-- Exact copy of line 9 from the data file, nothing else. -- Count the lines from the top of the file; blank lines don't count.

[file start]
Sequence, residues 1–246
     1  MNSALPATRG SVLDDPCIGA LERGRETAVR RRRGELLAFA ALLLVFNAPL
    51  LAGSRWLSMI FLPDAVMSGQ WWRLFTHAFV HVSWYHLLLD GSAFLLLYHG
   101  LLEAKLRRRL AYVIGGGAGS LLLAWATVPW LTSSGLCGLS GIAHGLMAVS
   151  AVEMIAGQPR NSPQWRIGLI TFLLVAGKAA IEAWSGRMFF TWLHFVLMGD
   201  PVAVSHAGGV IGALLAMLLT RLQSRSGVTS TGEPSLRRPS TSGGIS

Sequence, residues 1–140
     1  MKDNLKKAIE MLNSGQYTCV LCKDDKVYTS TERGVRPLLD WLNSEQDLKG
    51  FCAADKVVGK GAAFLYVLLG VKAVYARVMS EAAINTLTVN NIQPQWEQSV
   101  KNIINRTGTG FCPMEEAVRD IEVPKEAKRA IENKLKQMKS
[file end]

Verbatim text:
    51  FCAADKVVGK GAAFLYVLLG VKAVYARVMS EAAINTLTVN NIQPQWEQSV